Inside a person's silhouette and surrounded by dark clouds, a kneeling person is bathed in a cloud of comforting light.

The Struggles: Placing Boundaries Around Fear After Bladder Cancer

Last updated: September 2022

The BladderCancer.net editorial team published an article on the community's views regarding a bladder cancer diagnosis and the struggles therein. The first point was that it (cancer) is always on the mind. That the fear associated with this is constant. The reasons for the fear varied, but the sense of dread and fear was pervasive.

As a 16-year survivor, I can certainly empathize with this sentiment. That said, I would like to weigh in with some observations and offer some help that has made the fear less powerful and daunting. I stress the word "less." By no means would I suggest that the fears vanish.

Befriend and validate

First off, do not waste energy trying to deny the fear or act as though it is not ever present, even warranted. A lesson learned from Buddhist teachings and meditation is that we strengthen ourselves and weaken our challenges when we befriend and validate them.

I sit with my fears. I speak to them as companions. "You are valid, and I thank you for showing up. Please tell me what you need and how I might allow you space and calm." I know when I am denied a voice, I tend to scream all the louder, and my fears do the same. Sometimes just giving voice to the fears allow them to pass or at least rest for a time.

Placing a boundary around fear

Next, I try to put a boundary around the fear. Picture a 2-year-old with boundless energy. A playpen is a godsend. Just containing that energy, so it does not run wild is helpful.

Try dedicating a set time and place for your emotions to overwhelm you. Give them 15 or 20 minutes at 7 in the morning on Tuesdays. Of course, you may wish to set a different time slot and duration. I prefer Tuesday because it is not Monday, and it allows me time to recover before I enjoy my Friday.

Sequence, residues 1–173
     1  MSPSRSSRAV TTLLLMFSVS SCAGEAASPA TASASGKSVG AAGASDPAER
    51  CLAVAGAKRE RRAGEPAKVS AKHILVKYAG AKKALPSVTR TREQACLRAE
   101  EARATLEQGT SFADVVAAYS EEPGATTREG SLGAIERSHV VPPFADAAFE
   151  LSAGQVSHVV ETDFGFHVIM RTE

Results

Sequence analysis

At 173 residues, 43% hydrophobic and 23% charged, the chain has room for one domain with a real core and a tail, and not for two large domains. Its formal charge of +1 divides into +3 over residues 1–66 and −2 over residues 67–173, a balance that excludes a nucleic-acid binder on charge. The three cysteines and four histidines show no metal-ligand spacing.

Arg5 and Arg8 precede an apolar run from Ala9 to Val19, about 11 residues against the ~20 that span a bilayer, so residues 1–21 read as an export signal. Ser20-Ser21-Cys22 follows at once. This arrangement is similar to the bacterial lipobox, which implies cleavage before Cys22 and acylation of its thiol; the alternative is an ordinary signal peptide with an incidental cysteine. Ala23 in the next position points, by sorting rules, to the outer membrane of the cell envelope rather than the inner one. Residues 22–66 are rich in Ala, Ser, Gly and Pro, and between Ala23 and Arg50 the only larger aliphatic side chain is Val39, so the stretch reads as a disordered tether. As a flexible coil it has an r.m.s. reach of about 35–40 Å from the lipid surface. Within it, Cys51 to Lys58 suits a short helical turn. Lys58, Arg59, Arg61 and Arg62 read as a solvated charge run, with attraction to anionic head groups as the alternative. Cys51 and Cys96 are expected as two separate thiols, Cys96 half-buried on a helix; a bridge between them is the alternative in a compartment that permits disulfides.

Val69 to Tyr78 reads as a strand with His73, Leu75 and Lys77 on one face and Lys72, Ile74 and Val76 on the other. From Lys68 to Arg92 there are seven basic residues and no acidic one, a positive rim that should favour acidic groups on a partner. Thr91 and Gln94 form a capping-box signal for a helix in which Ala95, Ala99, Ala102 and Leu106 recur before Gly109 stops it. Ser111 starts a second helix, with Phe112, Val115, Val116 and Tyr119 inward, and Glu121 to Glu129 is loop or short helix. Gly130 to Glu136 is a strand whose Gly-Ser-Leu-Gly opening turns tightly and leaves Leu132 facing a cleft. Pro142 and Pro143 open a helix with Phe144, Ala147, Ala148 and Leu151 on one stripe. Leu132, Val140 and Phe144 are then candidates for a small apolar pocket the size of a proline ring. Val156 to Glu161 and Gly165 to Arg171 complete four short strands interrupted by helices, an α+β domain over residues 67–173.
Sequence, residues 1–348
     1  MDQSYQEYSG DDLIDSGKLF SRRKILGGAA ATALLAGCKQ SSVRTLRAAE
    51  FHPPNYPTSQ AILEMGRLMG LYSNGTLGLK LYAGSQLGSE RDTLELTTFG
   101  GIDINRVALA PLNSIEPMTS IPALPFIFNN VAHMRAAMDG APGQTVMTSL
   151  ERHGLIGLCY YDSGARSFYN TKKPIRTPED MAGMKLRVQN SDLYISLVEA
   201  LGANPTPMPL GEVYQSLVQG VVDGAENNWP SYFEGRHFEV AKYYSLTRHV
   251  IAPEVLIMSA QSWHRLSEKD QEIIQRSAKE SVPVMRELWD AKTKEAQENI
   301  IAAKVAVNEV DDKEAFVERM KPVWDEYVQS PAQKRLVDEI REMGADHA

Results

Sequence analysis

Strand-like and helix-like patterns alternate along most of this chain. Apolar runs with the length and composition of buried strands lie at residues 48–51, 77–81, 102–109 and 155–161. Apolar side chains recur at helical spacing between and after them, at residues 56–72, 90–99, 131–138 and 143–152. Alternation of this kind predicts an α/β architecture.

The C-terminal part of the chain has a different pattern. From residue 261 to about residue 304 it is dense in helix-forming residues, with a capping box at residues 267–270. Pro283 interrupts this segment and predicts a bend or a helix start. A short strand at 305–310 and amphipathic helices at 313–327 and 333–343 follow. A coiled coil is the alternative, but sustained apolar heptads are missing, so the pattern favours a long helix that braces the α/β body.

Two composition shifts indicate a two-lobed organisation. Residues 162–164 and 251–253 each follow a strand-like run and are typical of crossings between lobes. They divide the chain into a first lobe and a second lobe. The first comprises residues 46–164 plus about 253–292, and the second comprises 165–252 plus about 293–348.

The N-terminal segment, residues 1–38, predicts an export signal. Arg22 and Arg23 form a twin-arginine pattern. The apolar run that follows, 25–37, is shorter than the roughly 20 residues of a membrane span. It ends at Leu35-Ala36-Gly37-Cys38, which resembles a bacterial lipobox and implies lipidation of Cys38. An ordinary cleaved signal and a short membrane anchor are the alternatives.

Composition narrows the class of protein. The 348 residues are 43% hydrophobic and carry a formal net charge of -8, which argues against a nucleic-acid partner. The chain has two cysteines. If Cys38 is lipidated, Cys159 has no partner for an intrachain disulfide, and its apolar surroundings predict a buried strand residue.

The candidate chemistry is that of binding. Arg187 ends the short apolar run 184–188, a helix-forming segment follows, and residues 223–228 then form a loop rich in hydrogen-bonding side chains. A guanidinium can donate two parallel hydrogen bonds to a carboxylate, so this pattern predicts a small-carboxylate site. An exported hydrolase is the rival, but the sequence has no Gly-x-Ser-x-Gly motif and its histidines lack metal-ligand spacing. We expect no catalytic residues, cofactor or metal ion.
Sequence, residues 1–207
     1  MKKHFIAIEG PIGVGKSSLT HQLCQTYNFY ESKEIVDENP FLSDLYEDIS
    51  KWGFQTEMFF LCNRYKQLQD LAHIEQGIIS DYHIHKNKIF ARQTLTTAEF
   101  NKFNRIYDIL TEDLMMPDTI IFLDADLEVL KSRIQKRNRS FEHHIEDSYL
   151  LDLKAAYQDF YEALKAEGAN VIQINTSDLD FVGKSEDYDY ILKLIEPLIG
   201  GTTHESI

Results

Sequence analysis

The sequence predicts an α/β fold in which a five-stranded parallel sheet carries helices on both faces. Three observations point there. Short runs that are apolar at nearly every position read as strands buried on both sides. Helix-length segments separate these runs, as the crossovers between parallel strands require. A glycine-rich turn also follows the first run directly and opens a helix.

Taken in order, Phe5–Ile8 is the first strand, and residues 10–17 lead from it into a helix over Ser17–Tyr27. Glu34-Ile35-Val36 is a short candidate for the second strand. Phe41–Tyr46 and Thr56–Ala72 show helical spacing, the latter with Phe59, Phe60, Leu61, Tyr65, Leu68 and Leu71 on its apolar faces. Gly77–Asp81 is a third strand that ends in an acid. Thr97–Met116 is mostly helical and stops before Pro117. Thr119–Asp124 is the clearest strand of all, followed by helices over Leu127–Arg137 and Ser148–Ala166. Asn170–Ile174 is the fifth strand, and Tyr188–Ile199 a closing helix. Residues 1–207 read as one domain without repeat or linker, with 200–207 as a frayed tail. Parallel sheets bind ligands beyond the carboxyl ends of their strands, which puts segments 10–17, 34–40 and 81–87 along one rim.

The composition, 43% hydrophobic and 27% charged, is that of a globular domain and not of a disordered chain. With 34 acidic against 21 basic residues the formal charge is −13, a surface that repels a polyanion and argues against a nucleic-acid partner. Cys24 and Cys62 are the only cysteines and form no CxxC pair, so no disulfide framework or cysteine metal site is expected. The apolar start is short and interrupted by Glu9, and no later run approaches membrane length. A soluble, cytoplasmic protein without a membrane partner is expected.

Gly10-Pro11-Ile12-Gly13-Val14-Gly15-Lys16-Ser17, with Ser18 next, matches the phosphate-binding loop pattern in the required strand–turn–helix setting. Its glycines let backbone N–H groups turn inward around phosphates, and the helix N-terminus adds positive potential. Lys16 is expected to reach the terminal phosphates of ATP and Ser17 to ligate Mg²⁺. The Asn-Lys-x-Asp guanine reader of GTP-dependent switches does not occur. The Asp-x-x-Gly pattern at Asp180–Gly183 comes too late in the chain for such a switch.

Do you want a snowball or an avalanche?

Fear is a lot like a snowball at the top of a hill. If you contain it just as it begins to roll, you have a fun fluffy ball of harmless powder. However, if you allow that same cute ball of fluff to gain speed and grow as it accumulates more snow while rolling down the hill, it becomes an avalanche, and you need a large dog with a whiskey cask around the neck to dig you out and rescue you.

The point being is this - practice recognizing the fears as they begin and leaning into them with kindness and compassion, so they do not grow and drag you down. Giving yourself the same level of compassion you would give a loved one is a wonderful place to begin. So often, our self-talk would be abhorrent if we ever spoke in a like manner to a loved one or even to a stranger. Never say anything derogatory or deprecating to yourself. Be as uplifting to yourself as you would be outward to others.

Fear after bladder cancer

Cancer is scary. Of that, I am sure, but I am equally sure that it can be a gift in equal measure. Beyond the fear, there is empathy, compassion, a renewed love, and connection for those I have taken for granted. The fear reminds me to live, not just exist. To love and show love, not just smile and nod. The flip side of fear is motivation to experience everything I am given the opportunity to grasp.

Over 70 people responded with their fears. I hope this may help some of you find a path that brings the fear to a manageable level and encourages you to spend equal time seeing the goodness.

By providing your email address, you are agreeing to our privacy policy.

This article represents the opinions, thoughts, and experiences of the author; none of this content has been paid for by any advertiser. The BladderCancer.net team does not recommend or endorse any products or treatments discussed herein. Learn more about how we maintain editorial integrity here.

Join the conversation

or create an account to comment.

Community Poll

Do friends and family ask about your bladder cancer?